Myringotomy with Tympanostomy Tube Insertion

Video Type: CVideo
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Author: Thomas Mitchell
Published:
Specialties: Otolaryngology, Pediatric Otolaryngology, Pediatric Surgery
Schools: University of Texas at Houston Medical School
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Basic Info

Myringotomy with tympanostomy tube insertion is among the most common pediatric operative procedures and is indicated to provide ventilation of the middle ear.  Surgical incision in the tympanic membrane (myringotomy) is followed by tympanostomy tube insertion to prevent premature closure of the incision site.  The goal of the procedure is to reduce the frequency, duration, and severity of subsequent otitis media episodes and to prevent recurrence of middle ear effusions.

  • Soham Roy (University of Texas at Houston Medical School)
  • Thomas Mitchell (University of Texas at Houston Medical School)
Advanced

Procedure

Myringotomy with Tympanostomy Tube Insertion: The tympanic membrane is visualized with a microscope through a speculum placed in the external auditory canal. Cerumen may need to be removed to achieve sufficient visualization. The membrane is incised using a myringotomy knife - this incision is typically placed in the anterior-inferior quadrant of the tympanic membrane, although it may also be in the anterior-superior area. If an effusion is present, suction is employed to aspirate the effusion. Finally, a tympanostomy tube is introduced and the flange is inserted through the incision in the tympanic membrane. Saline or antibiotic drops may be instilled to conclude.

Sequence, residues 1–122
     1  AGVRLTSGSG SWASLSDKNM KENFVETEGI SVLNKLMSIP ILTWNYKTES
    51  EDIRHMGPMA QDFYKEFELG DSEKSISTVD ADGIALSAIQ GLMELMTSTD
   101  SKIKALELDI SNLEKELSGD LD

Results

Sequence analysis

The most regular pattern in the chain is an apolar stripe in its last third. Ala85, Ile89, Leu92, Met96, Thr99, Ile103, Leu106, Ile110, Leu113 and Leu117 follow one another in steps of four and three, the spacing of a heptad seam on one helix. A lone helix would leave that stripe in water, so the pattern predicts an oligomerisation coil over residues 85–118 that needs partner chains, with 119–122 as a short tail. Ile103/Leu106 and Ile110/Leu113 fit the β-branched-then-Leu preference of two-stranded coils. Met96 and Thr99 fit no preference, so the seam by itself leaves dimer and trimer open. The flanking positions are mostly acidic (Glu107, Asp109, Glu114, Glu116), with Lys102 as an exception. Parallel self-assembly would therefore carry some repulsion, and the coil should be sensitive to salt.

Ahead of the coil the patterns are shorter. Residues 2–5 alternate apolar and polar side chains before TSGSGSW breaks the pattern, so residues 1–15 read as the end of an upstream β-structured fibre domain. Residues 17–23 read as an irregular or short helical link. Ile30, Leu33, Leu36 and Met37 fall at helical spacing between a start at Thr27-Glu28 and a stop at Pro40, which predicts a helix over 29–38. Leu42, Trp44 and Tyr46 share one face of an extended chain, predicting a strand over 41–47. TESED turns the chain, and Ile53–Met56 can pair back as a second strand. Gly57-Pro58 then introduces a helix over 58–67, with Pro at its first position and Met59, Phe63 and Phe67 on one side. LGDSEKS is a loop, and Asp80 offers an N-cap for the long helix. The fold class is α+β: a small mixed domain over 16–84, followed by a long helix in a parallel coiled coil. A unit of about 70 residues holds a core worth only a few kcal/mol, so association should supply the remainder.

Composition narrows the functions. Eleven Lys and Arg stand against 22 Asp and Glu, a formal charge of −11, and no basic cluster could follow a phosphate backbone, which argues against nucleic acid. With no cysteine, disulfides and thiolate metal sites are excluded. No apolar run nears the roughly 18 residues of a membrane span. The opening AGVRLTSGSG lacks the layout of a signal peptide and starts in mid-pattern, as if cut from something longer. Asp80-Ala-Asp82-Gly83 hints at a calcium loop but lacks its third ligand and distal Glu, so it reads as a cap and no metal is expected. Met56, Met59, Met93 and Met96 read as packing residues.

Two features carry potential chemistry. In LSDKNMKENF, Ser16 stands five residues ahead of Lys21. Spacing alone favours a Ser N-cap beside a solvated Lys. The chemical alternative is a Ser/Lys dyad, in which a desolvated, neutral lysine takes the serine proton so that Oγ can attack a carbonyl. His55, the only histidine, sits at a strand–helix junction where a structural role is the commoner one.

Indications

Recurrent or refractory acute otitis media, conductive hearing loss associated with middle ear effusion.

Contraindications

Vascular anomalies in the middle ear, intratympanic glomus tumor, prior radiation to ear (possible)

Instrumentation

Setup

The patient is subject to local or general anesthesia. A microscope is focused on the external auditory meatus. A speculum is placed into the external auditory canal and cerumen is removed so that the tympanic membrane can be visualized.

Preoperative Workup

Pneumatic otoscopy, audiology with tympanometry

Anatomy and Landmarks

The incision in the tympanic membrane should not be placed in the posterosuperior quadrant due to risk of injury to the bony ossicles and/or chorda tympani nerve. Incisions are commonly made in either anterior quadrant.

Advantages/Disadvantages

Tympanostomy tubes do not ¢ïïcure¢ïï otitis media, but they have been proven to reduce the frequency, duration, and severity of episodes for a majority of patients.

Complications/Risks

Tube otorrhea, tube occlusion, persistent tympanic membrane perforation, premature tube extrusion, tympanic membrane retraction pocket, tympanosclerosis, cholesteatoma

Disclosure of Conflicts

Tube otorrhea, tube occlusion, persistent tympanic membrane perforation, premature tube extrusion, tympanic membrane retraction pocket, tympanosclerosis, cholesteatoma

Acknowledgements

References

Rosenfeld RM, Schwartz SR, Pynnonen MA et al. Clinical practice guideline: tympanostomy tubes in children. Otolaryngology Head and Neck Surgery. 2013 July; 149(1):8-16

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